In the mid-2000s the focus in his work shifts from performance to a fascination with the landscape, which is anchored in painting, literature and film. In photographs, texts and videos fictitious elements freely intermingle with documentary information in order to question the compositional elements of storytelling. That is also true of the work on view at Argos.
Residing alternately in Brussels and Sydney, Destoop travels back and forth between Europe, Asia and Oceania—and these long stretches of time on the move have direct implications for his work.
Four Directions of Heaven features a cluster of new and recent works that mock our expectations. Underlying the work there is a long-term research project concerning the status of landscapes in transition: the Australian outback, the cosmopolitan town of Hong Kong, as well as regions in Norway, Russia and other parts of Europe. These images are juxtaposed with private testimonies, experiences and findings. But the artist also intervenes, assembles and abstracts. Thus individual voices turn into a composite of fragmented comments and stories that bear witness to a strong commitment with regard to (neo)colonial and ecological issues, as well as the economic value and geopolitical importance of a landscape.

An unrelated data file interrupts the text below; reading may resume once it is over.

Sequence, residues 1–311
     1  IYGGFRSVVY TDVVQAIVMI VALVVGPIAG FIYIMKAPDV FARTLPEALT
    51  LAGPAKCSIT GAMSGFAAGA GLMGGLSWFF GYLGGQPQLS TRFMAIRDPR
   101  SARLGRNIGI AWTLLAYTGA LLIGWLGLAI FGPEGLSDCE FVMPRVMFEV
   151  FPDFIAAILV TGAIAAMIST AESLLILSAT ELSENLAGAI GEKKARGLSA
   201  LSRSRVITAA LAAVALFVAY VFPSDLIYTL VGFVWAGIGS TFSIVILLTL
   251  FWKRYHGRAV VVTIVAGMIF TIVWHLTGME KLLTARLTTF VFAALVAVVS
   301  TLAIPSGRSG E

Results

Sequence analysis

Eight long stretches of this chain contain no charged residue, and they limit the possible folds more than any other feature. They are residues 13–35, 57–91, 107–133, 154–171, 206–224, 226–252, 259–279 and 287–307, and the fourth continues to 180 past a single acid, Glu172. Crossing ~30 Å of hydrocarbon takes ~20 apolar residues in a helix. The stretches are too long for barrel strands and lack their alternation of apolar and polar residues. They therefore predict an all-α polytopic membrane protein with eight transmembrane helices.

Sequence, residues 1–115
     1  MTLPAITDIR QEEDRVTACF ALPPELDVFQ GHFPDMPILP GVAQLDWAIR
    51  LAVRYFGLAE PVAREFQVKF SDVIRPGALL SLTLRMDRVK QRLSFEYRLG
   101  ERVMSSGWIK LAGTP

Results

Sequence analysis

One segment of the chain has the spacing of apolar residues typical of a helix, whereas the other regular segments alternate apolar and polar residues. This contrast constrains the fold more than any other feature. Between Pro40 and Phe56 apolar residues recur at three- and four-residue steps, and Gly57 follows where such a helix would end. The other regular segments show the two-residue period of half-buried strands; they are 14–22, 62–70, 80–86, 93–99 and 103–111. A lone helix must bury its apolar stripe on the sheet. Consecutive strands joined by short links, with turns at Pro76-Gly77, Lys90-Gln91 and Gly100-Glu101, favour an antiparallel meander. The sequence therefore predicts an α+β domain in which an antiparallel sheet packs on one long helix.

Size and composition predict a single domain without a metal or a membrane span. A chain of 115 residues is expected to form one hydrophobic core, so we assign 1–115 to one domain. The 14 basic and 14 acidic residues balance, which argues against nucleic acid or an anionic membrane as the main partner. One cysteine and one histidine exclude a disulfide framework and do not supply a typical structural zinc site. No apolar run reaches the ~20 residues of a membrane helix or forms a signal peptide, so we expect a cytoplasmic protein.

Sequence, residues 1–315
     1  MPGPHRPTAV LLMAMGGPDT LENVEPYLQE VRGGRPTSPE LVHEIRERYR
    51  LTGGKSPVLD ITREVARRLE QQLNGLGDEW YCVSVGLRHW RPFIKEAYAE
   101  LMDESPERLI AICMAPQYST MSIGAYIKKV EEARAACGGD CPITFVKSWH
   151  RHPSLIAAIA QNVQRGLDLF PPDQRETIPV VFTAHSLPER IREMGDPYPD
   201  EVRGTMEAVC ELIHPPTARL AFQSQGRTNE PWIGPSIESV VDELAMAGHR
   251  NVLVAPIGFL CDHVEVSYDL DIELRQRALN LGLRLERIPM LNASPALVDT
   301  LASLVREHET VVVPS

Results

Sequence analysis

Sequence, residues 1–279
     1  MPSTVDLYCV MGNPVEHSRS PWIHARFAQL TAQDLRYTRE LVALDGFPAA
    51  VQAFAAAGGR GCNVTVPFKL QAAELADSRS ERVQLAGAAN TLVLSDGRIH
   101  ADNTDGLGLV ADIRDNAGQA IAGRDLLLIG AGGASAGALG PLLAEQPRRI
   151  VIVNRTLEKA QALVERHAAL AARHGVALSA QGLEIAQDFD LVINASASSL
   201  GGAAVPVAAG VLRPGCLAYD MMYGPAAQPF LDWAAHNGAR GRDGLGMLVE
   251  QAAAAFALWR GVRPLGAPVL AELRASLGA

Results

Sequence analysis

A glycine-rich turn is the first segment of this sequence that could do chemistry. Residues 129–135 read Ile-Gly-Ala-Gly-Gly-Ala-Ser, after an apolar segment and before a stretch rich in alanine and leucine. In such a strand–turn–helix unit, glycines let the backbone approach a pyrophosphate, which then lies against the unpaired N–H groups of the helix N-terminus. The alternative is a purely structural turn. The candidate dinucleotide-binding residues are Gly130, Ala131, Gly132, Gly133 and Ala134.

Four Directions of Heaven is also a virtual walk in which the idea of transformation predominates. Indeed, Destoop’s suggestive and subtle digital interventions create a border area in which micro- and macro-level tumble over each other and the border between real and artificial dissolves.